author = "Glazener, {Cathryn M.A.} and Suzanne Breeman and Andrew Elders and Christine Hemming and Cooper, {Kevin G.} and Freeman, {Robert M.} and Smith, {Anthony R.B.} and Fiona Reid and Suzanne Hagen and Isobel Montgomery and Mary Kilonzo and Dwayne Boyers and Alison McDonald and Gladys McPherson and Graeme MacLennan and John Norrie",
note = "OA article funder note: The project was funded by the National Institute for Health Research Health Technology Assessment Programme (project number 07/60/18).",
year = "2017",
month = "2",
day = "3",
doi = "10.1016/S0140-6736(16)31596-3",
language = "English",
volume = "389",
pages = "381--392",
journal = "Lancet",
issn = "0140-6736",
publisher = "Elsevier Ltd",
number = "10067",

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Glazener, CMA, Breeman, S, Elders, A, Hemming, C, Cooper, KG, Freeman, RM, Smith, ARB, Reid, F, Hagen, S, Montgomery, I, Kilonzo, M, Boyers, D, McDonald, A, McPherson, G, MacLennan, G & Norrie, J 2017, 'Mesh, graft, or standard repair for women having primary transvaginal anterior or posterior compartment prolapse surgery: two parallel-group, multicentre, randomised, controlled trials (PROSPECT)', Lancet, vol. 389, no. 10067, pp. 381-392. https://doi.org/10.1016/S0140-6736(16)31596-3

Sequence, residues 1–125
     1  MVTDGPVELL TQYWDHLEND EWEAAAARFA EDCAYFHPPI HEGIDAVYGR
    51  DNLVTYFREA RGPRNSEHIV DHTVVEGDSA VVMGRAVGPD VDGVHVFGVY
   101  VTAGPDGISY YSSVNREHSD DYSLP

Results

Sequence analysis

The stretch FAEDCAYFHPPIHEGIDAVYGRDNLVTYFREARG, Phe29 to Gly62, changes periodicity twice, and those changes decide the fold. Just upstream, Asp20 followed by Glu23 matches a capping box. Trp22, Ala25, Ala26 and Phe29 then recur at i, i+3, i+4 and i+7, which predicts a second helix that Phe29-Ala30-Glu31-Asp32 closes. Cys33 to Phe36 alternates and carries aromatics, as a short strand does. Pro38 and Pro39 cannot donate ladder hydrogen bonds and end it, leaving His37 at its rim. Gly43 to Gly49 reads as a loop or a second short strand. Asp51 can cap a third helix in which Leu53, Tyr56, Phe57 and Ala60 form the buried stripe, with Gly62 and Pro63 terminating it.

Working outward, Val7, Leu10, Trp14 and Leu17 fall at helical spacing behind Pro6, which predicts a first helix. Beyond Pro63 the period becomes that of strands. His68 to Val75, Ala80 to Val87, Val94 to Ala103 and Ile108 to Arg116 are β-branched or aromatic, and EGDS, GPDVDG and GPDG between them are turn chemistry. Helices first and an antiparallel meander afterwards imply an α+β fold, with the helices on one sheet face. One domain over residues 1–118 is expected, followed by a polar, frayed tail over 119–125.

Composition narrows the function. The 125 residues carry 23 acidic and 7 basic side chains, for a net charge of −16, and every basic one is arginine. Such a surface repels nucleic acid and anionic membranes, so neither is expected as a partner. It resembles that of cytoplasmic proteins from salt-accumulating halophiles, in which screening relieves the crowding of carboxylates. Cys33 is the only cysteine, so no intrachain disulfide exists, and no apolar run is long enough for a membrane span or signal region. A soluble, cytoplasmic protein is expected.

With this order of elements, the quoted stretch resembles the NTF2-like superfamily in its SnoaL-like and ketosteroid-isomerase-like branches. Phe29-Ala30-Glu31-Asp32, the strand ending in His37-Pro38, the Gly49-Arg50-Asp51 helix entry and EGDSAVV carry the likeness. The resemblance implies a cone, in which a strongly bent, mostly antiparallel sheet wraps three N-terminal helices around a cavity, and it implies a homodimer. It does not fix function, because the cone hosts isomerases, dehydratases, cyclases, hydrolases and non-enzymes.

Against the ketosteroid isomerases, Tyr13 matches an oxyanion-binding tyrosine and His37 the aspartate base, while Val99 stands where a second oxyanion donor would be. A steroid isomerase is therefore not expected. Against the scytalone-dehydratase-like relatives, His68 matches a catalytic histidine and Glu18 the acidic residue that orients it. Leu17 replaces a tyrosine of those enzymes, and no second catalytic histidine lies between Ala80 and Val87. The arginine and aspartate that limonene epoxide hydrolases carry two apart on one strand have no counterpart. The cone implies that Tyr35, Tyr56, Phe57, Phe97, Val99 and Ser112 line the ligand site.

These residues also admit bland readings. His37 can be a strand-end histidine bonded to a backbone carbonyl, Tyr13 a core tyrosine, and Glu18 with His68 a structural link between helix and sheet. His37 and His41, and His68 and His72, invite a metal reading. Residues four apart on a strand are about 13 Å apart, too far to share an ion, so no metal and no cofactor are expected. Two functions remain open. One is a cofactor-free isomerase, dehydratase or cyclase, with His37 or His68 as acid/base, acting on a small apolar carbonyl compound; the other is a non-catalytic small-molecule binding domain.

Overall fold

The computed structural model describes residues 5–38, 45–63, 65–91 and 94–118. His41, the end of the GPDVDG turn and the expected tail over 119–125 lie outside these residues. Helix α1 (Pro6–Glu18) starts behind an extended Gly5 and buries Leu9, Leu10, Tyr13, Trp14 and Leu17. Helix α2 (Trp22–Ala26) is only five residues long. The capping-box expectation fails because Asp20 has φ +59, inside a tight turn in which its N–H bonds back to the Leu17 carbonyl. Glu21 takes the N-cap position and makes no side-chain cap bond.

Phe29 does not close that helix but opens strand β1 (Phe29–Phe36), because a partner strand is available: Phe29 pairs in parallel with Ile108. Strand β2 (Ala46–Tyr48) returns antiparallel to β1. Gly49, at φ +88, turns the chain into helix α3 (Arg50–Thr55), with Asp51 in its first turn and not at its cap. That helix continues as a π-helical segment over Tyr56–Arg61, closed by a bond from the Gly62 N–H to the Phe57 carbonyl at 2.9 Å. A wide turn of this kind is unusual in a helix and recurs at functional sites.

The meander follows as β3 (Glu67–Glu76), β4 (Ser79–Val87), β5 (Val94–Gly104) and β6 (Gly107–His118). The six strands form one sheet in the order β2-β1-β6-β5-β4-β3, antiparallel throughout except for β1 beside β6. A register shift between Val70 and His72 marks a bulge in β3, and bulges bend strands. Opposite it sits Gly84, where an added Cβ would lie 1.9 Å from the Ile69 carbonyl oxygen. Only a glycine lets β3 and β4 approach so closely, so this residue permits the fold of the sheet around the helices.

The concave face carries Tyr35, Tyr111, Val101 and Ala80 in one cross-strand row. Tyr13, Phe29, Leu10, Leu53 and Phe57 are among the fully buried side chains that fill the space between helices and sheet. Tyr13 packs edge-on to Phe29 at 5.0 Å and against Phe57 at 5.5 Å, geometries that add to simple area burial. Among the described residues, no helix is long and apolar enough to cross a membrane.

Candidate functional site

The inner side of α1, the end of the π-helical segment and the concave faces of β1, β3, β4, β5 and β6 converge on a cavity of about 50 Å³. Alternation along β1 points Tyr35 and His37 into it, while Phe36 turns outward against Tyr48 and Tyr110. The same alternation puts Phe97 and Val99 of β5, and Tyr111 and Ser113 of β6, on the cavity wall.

Mesh, graft, or standard repair for women having primary transvaginal anterior or posterior compartment prolapse surgery: two parallel-group, multicentre, randomised, controlled trials (PROSPECT). / Glazener, Cathryn M.A.; Breeman, Suzanne; Elders, Andrew; Hemming, Christine; Cooper, Kevin G.; Freeman, Robert M.; Smith, Anthony R.B.; Reid, Fiona; Hagen, Suzanne; Montgomery, Isobel; Kilonzo, Mary; Boyers, Dwayne; McDonald, Alison; McPherson, Gladys; MacLennan, Graeme; Norrie, John.

In: Lancet, Vol. 389, No. 10067, 03.02.2017, p. 381-392.

Research output: Contribution to journalArticle

TY - JOUR

T1 - Mesh, graft, or standard repair for women having primary transvaginal anterior or posterior compartment prolapse surgery: two parallel-group, multicentre, randomised, controlled trials (PROSPECT)

AU - Glazener, Cathryn M.A.

AU - Breeman, Suzanne

AU - Elders, Andrew

AU - Hemming, Christine

AU - Cooper, Kevin G.

AU - Freeman, Robert M.

AU - Smith, Anthony R.B.

AU - Reid, Fiona